Olga Guzman knew there was no way she'd be able to crawl in the chilly waters of the Rio Grande. Not with a bulging belly and a child due in weeks.
So when the "coyote"_ the smuggler she'd paid $2,500 to get her from Mexico to Texas _ told her to hide, she couldn't. She was quickly apprehended by border patrol agents _ and just as quickly declared she wanted asylum.
That was September 2005. More than 5 1/2 years later, she's still waiting to explain why in immigration court.
Guzman claims her common-law husband in Guatemala beat and threatened her with a machete, leaving her so scared and desperate that she fled without telling her four young children.
"It was so, so sad to leave them but I had no other option," Guzman says through a translator. "Every time he would look at me, he would threaten to kill me and I just couldn't do it."
She did odd jobs for two months, working her way north through Mexico, saving to help pay a smuggler to get across the river to Brownsville, Texas. Her daughter was born in the U.S. 17 days later.
Guzman's bid for asylum has stalled for various reasons: a government request for more time, a judge's retirement, the crowded docket _ and, her lawyer says, a reluctance among immigration judges to tackle cases involving battered women.
Some judges "have a hard time seeing domestic abuse claims through the same lens as they do other asylum cases," says Ashley Huebner, Guzman's lawyer at the Heartland Alliance's National Immigrant Justice Center. "They tend to see them as isolated private matters involving two people in an intimate relationship."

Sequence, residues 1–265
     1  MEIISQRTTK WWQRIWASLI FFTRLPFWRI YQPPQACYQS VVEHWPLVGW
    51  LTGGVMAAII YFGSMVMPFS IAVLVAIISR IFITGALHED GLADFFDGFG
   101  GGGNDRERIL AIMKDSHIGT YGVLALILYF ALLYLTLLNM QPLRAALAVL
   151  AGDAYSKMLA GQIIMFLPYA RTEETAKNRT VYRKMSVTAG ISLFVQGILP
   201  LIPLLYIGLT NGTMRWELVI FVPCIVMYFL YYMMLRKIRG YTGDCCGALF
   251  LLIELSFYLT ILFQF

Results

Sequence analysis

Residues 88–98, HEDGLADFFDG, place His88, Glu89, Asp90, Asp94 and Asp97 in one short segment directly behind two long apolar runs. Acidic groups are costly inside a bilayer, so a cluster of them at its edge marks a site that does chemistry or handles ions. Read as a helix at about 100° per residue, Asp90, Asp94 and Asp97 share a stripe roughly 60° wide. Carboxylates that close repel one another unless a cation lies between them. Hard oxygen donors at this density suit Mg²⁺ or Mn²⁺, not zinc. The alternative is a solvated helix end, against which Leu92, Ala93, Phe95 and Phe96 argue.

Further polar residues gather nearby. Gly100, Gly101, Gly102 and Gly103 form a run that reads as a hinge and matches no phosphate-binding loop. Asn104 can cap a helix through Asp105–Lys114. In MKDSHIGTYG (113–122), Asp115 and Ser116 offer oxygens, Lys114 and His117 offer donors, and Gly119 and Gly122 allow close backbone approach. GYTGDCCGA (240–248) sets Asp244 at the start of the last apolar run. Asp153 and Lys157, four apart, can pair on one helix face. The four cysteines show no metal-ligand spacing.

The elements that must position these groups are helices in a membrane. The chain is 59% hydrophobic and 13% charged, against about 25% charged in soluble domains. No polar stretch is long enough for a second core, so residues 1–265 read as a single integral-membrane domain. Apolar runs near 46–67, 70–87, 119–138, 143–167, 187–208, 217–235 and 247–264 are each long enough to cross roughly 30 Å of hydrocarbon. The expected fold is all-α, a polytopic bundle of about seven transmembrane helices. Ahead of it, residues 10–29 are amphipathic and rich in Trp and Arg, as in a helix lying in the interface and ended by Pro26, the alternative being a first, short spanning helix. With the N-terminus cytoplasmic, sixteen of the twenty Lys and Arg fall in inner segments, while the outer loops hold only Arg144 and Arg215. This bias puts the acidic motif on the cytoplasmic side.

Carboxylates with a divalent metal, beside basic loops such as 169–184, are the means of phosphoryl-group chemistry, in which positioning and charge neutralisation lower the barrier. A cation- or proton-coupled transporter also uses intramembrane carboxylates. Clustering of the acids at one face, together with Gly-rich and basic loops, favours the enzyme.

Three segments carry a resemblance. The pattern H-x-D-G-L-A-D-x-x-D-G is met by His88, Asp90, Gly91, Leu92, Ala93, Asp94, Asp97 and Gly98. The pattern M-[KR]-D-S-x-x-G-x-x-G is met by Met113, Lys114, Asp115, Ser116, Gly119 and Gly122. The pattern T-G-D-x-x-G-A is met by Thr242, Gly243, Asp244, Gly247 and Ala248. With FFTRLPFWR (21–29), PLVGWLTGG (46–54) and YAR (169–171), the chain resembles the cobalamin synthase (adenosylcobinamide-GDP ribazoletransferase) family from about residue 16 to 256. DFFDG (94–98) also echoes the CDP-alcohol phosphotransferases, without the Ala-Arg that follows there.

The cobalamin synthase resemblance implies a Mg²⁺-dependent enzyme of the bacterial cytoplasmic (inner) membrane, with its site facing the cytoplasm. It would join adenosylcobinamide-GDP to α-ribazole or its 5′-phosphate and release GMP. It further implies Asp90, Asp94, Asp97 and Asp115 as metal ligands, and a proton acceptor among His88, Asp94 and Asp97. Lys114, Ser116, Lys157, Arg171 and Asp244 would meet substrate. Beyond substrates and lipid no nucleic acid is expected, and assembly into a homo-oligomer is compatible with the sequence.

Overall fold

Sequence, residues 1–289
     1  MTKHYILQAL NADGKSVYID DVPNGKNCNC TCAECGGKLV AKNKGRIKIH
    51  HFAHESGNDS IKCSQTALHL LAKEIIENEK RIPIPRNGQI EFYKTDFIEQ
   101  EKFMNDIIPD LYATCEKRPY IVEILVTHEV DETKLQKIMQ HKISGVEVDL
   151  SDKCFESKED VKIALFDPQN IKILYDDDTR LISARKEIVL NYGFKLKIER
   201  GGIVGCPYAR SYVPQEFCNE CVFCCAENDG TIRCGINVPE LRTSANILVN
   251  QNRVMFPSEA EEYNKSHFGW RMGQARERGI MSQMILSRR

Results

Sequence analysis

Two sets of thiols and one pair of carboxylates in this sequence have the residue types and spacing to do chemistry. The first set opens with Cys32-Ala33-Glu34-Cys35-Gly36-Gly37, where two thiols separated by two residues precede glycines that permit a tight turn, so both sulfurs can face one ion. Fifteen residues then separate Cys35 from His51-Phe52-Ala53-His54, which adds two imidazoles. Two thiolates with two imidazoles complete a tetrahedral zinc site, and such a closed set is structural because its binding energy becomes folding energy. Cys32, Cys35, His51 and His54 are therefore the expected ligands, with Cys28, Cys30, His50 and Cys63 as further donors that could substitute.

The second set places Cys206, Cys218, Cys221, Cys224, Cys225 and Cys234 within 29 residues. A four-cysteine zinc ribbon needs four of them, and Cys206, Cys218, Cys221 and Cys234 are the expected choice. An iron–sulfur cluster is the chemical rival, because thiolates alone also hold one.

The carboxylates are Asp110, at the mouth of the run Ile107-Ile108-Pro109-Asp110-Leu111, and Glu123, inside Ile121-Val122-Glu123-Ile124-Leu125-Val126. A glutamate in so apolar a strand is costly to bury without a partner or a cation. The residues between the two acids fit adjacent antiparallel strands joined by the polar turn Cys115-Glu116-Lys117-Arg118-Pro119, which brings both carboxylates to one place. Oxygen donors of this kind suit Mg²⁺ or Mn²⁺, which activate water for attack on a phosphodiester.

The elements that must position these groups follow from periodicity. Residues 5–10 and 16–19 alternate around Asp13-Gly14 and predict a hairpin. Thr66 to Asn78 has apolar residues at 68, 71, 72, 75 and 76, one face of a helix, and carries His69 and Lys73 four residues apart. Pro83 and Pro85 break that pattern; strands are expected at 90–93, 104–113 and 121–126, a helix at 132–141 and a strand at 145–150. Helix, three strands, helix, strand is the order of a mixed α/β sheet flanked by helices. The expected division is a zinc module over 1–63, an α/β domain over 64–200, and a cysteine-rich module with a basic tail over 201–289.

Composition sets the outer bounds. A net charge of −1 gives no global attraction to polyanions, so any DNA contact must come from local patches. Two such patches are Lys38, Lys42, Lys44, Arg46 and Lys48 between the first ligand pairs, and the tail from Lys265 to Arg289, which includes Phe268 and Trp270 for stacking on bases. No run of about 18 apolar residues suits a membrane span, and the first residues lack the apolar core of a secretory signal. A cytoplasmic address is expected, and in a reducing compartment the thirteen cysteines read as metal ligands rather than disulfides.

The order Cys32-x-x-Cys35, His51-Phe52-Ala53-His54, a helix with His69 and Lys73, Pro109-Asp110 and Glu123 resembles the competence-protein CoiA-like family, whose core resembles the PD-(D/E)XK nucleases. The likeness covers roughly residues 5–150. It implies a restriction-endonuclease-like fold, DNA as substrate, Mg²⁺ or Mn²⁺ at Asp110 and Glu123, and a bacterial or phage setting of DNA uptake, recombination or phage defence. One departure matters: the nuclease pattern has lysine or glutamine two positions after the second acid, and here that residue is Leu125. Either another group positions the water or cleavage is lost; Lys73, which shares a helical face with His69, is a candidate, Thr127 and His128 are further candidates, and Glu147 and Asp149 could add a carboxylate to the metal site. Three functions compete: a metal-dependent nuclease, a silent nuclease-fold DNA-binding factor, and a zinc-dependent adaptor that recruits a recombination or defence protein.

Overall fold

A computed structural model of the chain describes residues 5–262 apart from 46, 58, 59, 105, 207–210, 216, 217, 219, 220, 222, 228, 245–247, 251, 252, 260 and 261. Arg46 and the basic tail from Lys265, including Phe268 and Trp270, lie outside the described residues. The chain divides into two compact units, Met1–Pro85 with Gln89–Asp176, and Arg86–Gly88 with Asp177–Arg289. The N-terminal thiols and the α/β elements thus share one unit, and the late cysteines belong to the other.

Critics argue abuse claims are hard to document and changing policy could open the floodgates, with millions of women streaming across the border. Advocates say it's difficult for most abused women to flee, make it to America and win in court.
In one celebrated case, a Guatemalan woman who'd accused her husband of pistol-whipping and savagely beating her waged a 14-year legal battle before being granted asylum in 2009.
Guzman, now 35, lives in Indiana near her sister with her two youngest daughters, 5 and 4. She has a job at a fast food restaurant (her lawyer secured a work permit) and she talks regularly with her four children _ they range from 8 to 14 _ in Guatemala.
"My kids often tell me, `Don't just leave us here. We want you with us. Why don't you come back?' I say, `You need patience. The process is long.'"
Her next hearing is set for February 2012, her case recently was transferred to a new judge _ for a third time.
"Every day," she says, "is like an eternity."